Don't walk away

Some months ago a man was found impaled on the railings of a park in Kensington, one of the most affluent areas in London.

Several people walked past him before the emergency services were called. Ed Boord, the man who found him, was on his way to work early in the morning and barely made out the shape of the body in the darkness. The person who would later be identified as Pawel Koseda was homeless at the time of his death. It’s unclear whether those who passed by him without stopping simply didn’t see him or didn’t want to get involved. Boord, who was emotionally disturbed by the incident and wants to support homelessness charities, told the Independent: “We get so ingrained in our London lifestyle. We’re so… selfish.”

How often have you walked by someone who was begging for money or sleeping rough, wanting to help them but not knowing how or if they would accept the help you’re offering? In a public situation where there are a lot of people and someone needs help most people will do nothing and wait for someone else to step in. This is known in social psychology as the bystander effect. In extreme circumstances anonymous individuals can be violently assaulted or even die while a number of onlookers fail to intervene or call for help. This is even more likely to happen when someone is or appears to be homeless, as this and other social experiments suggest.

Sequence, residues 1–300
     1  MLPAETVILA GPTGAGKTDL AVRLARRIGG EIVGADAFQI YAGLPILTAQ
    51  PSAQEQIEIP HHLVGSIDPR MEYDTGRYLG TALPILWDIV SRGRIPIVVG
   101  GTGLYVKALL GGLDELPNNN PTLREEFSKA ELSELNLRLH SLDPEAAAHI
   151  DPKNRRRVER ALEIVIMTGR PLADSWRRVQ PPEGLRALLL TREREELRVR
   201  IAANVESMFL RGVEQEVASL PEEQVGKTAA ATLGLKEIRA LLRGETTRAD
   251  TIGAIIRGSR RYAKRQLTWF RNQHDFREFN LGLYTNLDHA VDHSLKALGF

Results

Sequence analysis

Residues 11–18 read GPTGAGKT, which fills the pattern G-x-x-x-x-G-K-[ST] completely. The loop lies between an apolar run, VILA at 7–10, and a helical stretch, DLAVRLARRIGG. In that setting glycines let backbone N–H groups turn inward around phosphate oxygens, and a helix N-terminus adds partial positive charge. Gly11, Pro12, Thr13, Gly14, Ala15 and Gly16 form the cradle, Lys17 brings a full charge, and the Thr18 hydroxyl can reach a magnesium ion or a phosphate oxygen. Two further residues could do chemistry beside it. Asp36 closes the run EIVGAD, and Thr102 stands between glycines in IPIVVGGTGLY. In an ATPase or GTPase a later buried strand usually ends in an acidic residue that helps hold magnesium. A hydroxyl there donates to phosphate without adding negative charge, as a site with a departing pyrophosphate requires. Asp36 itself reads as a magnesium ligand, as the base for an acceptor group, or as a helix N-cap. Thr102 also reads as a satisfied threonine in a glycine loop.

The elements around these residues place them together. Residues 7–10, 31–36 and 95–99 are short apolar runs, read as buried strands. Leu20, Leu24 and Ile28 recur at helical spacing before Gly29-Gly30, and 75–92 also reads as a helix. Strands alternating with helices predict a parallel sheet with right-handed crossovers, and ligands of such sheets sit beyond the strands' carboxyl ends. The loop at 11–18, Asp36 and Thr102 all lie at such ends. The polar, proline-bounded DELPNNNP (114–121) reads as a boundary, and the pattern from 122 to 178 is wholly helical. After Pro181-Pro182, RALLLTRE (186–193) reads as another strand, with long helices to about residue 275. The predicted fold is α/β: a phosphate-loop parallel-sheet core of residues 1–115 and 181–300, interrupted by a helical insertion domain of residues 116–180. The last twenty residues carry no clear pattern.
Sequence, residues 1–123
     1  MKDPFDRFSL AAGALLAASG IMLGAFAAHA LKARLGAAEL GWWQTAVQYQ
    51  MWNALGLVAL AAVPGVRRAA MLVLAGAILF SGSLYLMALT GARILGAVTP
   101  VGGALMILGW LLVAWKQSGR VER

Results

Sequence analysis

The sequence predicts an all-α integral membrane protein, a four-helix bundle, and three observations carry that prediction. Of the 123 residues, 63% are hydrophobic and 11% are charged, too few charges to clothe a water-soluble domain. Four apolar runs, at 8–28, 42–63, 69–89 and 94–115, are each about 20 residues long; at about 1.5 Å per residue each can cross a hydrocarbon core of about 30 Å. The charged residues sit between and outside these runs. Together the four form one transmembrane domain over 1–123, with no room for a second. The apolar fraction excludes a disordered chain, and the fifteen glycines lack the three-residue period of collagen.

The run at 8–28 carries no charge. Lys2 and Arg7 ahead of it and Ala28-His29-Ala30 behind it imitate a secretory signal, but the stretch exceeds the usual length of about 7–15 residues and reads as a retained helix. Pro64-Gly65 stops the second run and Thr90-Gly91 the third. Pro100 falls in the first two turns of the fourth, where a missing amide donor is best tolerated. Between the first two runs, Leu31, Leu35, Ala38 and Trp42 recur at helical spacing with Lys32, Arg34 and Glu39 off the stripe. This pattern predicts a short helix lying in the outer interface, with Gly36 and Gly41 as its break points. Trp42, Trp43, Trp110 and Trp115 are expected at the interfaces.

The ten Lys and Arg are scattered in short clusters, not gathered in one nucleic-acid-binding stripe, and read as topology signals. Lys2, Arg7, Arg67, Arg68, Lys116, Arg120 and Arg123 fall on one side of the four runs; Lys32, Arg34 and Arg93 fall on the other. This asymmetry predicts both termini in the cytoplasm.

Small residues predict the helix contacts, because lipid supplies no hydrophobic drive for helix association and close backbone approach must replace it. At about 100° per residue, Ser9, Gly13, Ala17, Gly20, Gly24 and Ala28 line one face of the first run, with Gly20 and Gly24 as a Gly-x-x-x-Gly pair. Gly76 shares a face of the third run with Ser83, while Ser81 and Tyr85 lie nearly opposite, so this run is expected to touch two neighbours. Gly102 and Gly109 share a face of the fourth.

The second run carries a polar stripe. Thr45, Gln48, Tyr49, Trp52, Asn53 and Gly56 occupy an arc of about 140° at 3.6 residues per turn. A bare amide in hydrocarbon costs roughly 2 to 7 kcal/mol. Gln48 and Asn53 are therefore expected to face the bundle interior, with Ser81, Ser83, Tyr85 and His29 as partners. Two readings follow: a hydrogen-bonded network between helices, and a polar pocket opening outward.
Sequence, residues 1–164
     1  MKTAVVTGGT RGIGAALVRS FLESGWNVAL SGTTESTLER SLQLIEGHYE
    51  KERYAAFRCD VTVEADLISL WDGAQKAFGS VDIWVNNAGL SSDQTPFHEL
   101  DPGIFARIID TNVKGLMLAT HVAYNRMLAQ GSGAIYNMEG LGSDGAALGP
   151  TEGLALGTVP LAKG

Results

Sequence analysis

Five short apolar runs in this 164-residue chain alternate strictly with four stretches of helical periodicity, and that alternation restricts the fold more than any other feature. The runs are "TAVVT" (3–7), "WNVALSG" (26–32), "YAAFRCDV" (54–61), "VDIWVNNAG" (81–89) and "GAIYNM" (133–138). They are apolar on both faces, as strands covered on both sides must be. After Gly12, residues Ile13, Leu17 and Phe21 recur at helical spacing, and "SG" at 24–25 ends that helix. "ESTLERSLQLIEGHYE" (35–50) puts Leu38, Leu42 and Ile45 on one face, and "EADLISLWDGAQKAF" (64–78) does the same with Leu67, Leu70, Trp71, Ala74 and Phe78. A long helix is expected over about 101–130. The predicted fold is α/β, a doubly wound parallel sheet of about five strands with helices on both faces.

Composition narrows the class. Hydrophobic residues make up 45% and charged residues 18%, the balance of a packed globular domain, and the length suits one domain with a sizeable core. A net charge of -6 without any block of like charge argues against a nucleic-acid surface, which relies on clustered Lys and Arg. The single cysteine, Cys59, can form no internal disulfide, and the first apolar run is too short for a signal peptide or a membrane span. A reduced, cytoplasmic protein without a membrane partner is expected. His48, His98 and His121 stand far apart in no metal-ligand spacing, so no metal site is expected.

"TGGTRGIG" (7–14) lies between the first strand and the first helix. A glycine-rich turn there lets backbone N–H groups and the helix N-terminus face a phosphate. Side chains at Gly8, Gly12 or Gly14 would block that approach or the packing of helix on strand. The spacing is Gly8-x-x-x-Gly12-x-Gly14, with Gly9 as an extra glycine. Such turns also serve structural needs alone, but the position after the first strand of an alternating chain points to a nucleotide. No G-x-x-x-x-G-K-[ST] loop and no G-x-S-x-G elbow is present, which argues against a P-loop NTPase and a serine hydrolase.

If you do want to help, it’s not a good idea to give money. The person you want to help may have a history of addiction. If this is the case, giving money would enable the addiction and could prevent them from seeking the support they need. It would be far better to offer them something to eat or a cup of tea. But even if you don’t want to give people food or supplies directly, there is another alternative to simply walking away.

Using Streetlink, a service aimed at supporting those who are sleeping rough, you can use an app or call them to give the details of the location of a vulnerable person so that they can respond. Those who are rough sleepers find it difficult to get support. Opportunities for housing and medical assistance are often inadequately signposted and the people who need it most are left uninformed. Streetlink connects those people with housing teams and other local authority support groups. This makes helping those who are homeless as simple as giving a location; you don’t have to approach someone if you don’t feel comfortable.

Pawel Koseda, a Polish man who emigrated to Britain ten years ago, used to be a teacher at a university in Łódź, but his life changed for the worse due to alcoholism. He died a week after escaping from hospital, having received surgery for a head injury. It is believed that he slept in the park in Kensington and was impaled on the fence after trying to climb over it and slipping. He is survived by his brother and mother. It is a travesty that Koseda was neglected by society, that he didn’t get the health and social care that he needed, but it is not uncommon. If more rough sleepers are known about and supported by services such as Streetlink the hope is that tragedies like this can be prevented.

Another way of helping is by donating to New Hope. You can donate moneyitems or time to help us support people who are homeless locally. You can also spread the word, about Streetlink and about us. We couldn’t help the people we do without your help.

Alex Charlton